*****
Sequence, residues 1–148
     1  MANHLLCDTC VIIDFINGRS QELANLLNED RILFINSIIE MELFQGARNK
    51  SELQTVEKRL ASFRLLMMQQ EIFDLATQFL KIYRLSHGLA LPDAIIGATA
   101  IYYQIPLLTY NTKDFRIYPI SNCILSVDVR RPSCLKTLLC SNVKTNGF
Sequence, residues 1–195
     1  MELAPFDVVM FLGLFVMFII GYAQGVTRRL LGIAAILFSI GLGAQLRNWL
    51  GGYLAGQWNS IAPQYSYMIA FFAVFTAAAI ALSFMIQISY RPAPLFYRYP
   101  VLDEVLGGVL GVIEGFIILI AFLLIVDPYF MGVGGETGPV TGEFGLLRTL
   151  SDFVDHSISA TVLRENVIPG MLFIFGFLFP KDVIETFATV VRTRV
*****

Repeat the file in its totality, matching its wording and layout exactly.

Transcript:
Sequence, residues 1–148
     1  MANHLLCDTC VIIDFINGRS QELANLLNED RILFINSIIE MELFQGARNK
    51  SELQTVEKRL ASFRLLMMQQ EIFDLATQFL KIYRLSHGLA LPDAIIGATA
   101  IYYQIPLLTY NTKDFRIYPI SNCILSVDVR RPSCLKTLLC SNVKTNGF
Sequence, residues 1–195
     1  MELAPFDVVM FLGLFVMFII GYAQGVTRRL LGIAAILFSI GLGAQLRNWL
    51  GGYLAGQWNS IAPQYSYMIA FFAVFTAAAI ALSFMIQISY RPAPLFYRYP
   101  VLDEVLGGVL GVIEGFIILI AFLLIVDPYF MGVGGETGPV TGEFGLLRTL
   151  SDFVDHSISA TVLRENVIPG MLFIFGFLFP KDVIETFATV VRTRV